Justia U.S. 9th Circuit Court of Appeals Opinion Summaries

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The Ninth Circuit affirmed defendant's sentence for illegal re-entry under 8 U.S.C. 1326(a). The panel concluded that the district court correctly applied USSG 4A1.1(d), which assigns two criminal history points if the defendant committed the instant offense while under any criminal justice sentence, including probation, parole, supervised release, imprisonment, work release, or escape status. In this case, defendant was granted early conditional release under Ariz. Rev. Stat. 41-1604.14 (repealed Aug. 6, 2016), known as the "half-term to deport" program. Defendant argues that he did not commit his illegal re-entry offense while under any criminal justice sentence.The panel rejected defendant's contentions and held that defendant was under "any criminal justice sentence" when he illegally reentered the United States within the meaning of section 4A1.1(d); Arizona's general savings statutes require that, for aliens like defendant who were convicted when section 41-1604.14 was in force, that provision continues to govern their sentences, and ADOC maintained the authority to revoke defendant's release in 2016 and 2017 because of his illegal re-entry; even if the district court erred in assuming that defendant had received formal notice of the condition that he not return illegally from the state court during sentencing, defendant did not demonstrate that this alleged error affected his substantial rights; and the district court did not err in making its factual findings. View "Madrid-Becerra" on Justia Law

Posted in: Criminal Law
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The Ninth Circuit reversed the district court's order remanding a removed action to state court, vacated the district court's award of attorneys' fees to plaintiff under 28 U.S.C. 1447(c); and remanded for further proceedings. This appeal stemmed from plaintiff's suit against Boeing and others in state court, alleging causes of action based on her exposure to asbestos that her family members brought home from work.The panel held that it had jurisdiction over the remand order under 28 U.S.C. 1447(d), explaining that even though the district court remanded pursuant to section 1446(b), under BP P.L.C. v. Mayor and City Council of Baltimore, 141 S. Ct. 1532 (2021), the panel had jurisdiction to review the remand order because the case was removed under section 1442.The panel explained that 28 U.S.C. 1446(b) lays out two pathways for removal. Because plaintiff's initial complaint does not set forth a ground for removal, the first pathway does not apply. Applying the "unequivocally clear and certain" standard, the panel concluded that an amended pleading, motion, order, or other paper must make a ground for removal unequivocally clear and certain before the removal clock begins under the second pathway of section 1446(b)(3). In this case, Boeing's removal was timely because no ground for removal was unequivocally clear and certain until service of plaintiff's amended discovery requests. View "Dietrich v. The Boeing Company" on Justia Law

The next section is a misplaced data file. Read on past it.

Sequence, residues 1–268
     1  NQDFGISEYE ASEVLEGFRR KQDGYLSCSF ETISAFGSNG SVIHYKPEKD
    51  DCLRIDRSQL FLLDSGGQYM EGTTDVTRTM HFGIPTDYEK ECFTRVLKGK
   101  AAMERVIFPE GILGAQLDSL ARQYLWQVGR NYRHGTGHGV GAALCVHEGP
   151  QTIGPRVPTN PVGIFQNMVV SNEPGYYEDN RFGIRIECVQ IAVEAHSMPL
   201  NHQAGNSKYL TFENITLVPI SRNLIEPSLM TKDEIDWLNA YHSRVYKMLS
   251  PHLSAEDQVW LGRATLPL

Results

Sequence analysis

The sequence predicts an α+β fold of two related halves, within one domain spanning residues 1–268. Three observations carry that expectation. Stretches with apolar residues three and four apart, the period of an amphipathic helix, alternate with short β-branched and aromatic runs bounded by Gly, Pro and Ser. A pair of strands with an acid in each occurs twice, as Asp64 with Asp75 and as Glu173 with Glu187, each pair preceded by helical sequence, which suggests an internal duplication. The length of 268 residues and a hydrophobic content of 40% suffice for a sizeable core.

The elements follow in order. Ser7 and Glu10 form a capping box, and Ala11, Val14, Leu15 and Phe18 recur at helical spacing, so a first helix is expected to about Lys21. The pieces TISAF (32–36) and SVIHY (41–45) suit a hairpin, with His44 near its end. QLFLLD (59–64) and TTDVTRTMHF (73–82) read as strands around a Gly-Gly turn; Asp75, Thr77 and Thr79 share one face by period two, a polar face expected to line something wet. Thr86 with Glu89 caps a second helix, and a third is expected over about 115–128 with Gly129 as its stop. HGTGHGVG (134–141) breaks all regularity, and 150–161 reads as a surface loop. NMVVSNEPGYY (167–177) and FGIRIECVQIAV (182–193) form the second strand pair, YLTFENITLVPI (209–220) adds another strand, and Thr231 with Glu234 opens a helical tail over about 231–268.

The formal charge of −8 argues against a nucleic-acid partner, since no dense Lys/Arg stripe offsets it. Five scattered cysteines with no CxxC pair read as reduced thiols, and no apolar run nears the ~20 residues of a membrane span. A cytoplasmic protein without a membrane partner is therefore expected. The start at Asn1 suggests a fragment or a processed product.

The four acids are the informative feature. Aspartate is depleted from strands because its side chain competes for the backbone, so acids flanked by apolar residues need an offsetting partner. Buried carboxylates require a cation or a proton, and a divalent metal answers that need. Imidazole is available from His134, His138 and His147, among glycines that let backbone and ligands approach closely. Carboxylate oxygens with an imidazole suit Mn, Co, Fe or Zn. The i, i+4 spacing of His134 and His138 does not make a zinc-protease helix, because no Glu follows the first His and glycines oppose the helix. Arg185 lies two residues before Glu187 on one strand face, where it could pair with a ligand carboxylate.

Posted in: Civil Procedure
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The Ninth Circuit withdrew a per curiam opinion filed August 4, 2021; filed an amended per curiam opinion affirming the district court's dismissal of the 28 U.S.C. 2241 petition; denied a petition for panel rehearing; and denied on behalf of the court a petition for rehearing en banc where petitioner challenged two sentencing enhancements—under 18 U.S.C. 2251(e) and 18 U.S.C. 3559(e)(1)—applied after his conviction on multiple counts of federal sex offenses.The panel held that petitioner's claim is foreclosed because he relies on Mathis v. United States, 136 S. Ct. 2243 (2016), and United States v. Dahl, 833 F.3d 345 (3d Cir. 2016), to challenge his sentencing enhancement under 18 U.S.C. 3559(e)(1), yet he concedes that both of those decisions came down before he had exhausted his original section 2255 motion. The panel concluded that the legal basis for petitioner's claim arose before he had exhausted his section 2255 motion, and thus he cannot show that he did not have an unobstructed procedural shot at presenting his challenge to the section 3559(e)(1) sentencing enhancement. The panel rejected petitioner's claim for an extension of Martinez v. Ryan, 566 U.S. 1 (2012), in the context of a section 2241 petition as foreclosed under Buenrostro v. United States, 697 F.3d 1137, 1140 (9th Cir. 2012). Finally, because petitioner cannot show he lacked an unobstructed procedural shot with respect to the section 3559(e)(1) mandatory life sentencing enhancement, the panel did not need to reach the actual innocence prong for that enhancement or either prong for the section 2251(e) enhancement. The panel granted respondent's motion for judicial notice. View "Pavulak v. von Blanckensee" on Justia Law